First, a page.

The McLeod Family Medicine Residency Program, part of the South Carolina Family Medicine Residency Training Programs, is taking a comprehensive approach to preventing childhood obesity through a McLeod Foundation grant awarded in the amount of $5,275 for the proposal “Empowering Positive Parenting in Early Childhood.” The proposal was submitted by residents Tareq Haidary, M.D.; Joseph Hoyle, M.D.; and faculty member Benjamin Elder, M.D. The project focuses on the implementation of a proven early childhood literacy practice-based intervention, Reach Out and Read, along with additional innovative components that improve the delivery of clinical preventive services, such as the prevention of dental carries.
Reach out and Read serves families with children ages six months through five years who come for well child visits. Practitioners promote reading as a safe, engaging activity that promotes a positive learning environment. Using age-appropriate books, primary care physicians can promote realistic expectations for parent-child interactions. The program was endorsed in May by the American Academy of Family Medicine, and has been endorsed for several years by the American Academy of Pediatrics. In summary, the approach involves three steps during well child visits:
- Give each child a developmentally and culturally appropriate book as part of each well visit.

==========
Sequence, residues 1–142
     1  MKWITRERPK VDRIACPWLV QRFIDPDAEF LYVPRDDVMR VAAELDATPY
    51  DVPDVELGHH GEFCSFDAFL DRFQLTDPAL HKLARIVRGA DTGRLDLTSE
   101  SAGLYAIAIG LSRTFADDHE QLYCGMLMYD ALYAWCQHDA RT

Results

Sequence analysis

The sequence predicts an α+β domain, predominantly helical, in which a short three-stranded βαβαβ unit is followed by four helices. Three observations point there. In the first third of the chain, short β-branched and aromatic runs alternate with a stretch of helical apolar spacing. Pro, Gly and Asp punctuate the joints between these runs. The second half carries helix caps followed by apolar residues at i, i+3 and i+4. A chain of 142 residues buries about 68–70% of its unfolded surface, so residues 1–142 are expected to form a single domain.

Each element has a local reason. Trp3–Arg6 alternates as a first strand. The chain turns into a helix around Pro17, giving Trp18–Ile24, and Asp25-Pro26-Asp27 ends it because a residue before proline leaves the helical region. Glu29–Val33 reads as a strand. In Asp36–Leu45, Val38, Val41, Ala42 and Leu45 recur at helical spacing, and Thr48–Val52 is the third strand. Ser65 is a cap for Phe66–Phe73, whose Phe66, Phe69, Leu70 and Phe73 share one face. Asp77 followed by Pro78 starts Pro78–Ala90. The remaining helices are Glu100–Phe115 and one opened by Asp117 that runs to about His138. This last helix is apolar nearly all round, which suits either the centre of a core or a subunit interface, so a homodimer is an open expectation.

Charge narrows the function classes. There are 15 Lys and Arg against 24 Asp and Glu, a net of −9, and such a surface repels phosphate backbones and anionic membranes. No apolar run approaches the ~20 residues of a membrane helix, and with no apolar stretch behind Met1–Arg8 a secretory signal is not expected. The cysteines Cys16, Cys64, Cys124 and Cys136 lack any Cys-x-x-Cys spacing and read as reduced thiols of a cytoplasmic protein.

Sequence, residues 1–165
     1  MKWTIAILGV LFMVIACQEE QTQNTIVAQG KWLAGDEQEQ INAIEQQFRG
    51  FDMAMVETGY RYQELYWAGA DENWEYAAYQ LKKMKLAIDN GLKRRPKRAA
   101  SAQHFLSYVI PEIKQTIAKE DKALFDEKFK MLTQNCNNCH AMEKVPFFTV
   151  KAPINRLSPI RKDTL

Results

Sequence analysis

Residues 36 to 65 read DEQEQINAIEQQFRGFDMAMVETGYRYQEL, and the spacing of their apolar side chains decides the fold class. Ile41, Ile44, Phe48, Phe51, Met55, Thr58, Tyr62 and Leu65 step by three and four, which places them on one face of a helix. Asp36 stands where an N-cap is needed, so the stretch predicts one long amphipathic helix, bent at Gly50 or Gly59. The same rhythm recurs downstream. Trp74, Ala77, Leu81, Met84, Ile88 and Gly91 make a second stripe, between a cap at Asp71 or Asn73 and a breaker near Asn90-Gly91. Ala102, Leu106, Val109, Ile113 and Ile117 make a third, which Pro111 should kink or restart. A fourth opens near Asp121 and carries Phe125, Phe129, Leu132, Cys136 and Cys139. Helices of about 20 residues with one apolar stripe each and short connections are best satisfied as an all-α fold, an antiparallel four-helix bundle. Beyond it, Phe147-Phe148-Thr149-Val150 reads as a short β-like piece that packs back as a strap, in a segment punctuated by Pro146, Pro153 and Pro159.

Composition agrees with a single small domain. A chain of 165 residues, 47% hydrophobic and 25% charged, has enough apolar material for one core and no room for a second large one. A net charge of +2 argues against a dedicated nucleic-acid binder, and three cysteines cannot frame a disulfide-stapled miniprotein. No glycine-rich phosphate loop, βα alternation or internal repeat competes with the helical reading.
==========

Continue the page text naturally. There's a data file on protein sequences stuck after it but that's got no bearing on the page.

- Provide appropriate anticipatory guidance about how best to enjoy the book with the child.
- Emphasize that reading aloud stimulates language development.
The residents chose this program to be the focus of obesity prevention efforts at the Family Medicine Center for the next five years, with a vision for adding additional components and supporting program alumni and regional family medicine practices to implement the program. The residents developed an acronym for the program, inspired by the title, REACH: Read out loud with child Every day, daily physical Activity, choose Clinical preventive services, and discuss the five Healthy developmental domains for school preparedness.
Dr. Hoyle explains, “preventing childhood obesity requires a comprehensive, collaborative approach with parents and community organizations. We see this challenge as an opportunity for family physicians to provide leadership on a leading community health indicator. In my opinion, our faculty’s stability and commitment to the care of children will be the keys to the long-term success of this approach.” The program will be overseen by a leadership team that includes representatives from practitioners, staff, administration, community literacy organizations, and families served. The Family Medicine Residency Program is already exploring additional sites for program dissemination and welcomes anyone interested in joining.
To find out more information, please contact Dr. Haidary at firstname.lastname@example.org.
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